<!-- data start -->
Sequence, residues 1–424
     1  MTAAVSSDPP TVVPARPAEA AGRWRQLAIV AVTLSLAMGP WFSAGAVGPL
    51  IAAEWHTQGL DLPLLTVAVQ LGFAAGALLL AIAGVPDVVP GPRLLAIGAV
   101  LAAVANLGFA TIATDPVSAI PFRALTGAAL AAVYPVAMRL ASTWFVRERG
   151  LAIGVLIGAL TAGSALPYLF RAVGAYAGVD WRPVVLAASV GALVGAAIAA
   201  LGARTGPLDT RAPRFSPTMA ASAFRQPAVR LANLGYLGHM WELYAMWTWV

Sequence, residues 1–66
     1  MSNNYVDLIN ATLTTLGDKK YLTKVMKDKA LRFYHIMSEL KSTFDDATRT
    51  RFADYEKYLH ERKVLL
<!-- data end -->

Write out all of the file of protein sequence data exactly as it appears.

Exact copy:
Sequence, residues 1–424
     1  MTAAVSSDPP TVVPARPAEA AGRWRQLAIV AVTLSLAMGP WFSAGAVGPL
    51  IAAEWHTQGL DLPLLTVAVQ LGFAAGALLL AIAGVPDVVP GPRLLAIGAV
   101  LAAVANLGFA TIATDPVSAI PFRALTGAAL AAVYPVAMRL ASTWFVRERG
   151  LAIGVLIGAL TAGSALPYLF RAVGAYAGVD WRPVVLAASV GALVGAAIAA
   201  LGARTGPLDT RAPRFSPTMA ASAFRQPAVR LANLGYLGHM WELYAMWTWV

Sequence, residues 1–66
     1  MSNNYVDLIN ATLTTLGDKK YLTKVMKDKA LRFYHIMSEL KSTFDDATRT
    51  RFADYEKYLH ERKVLL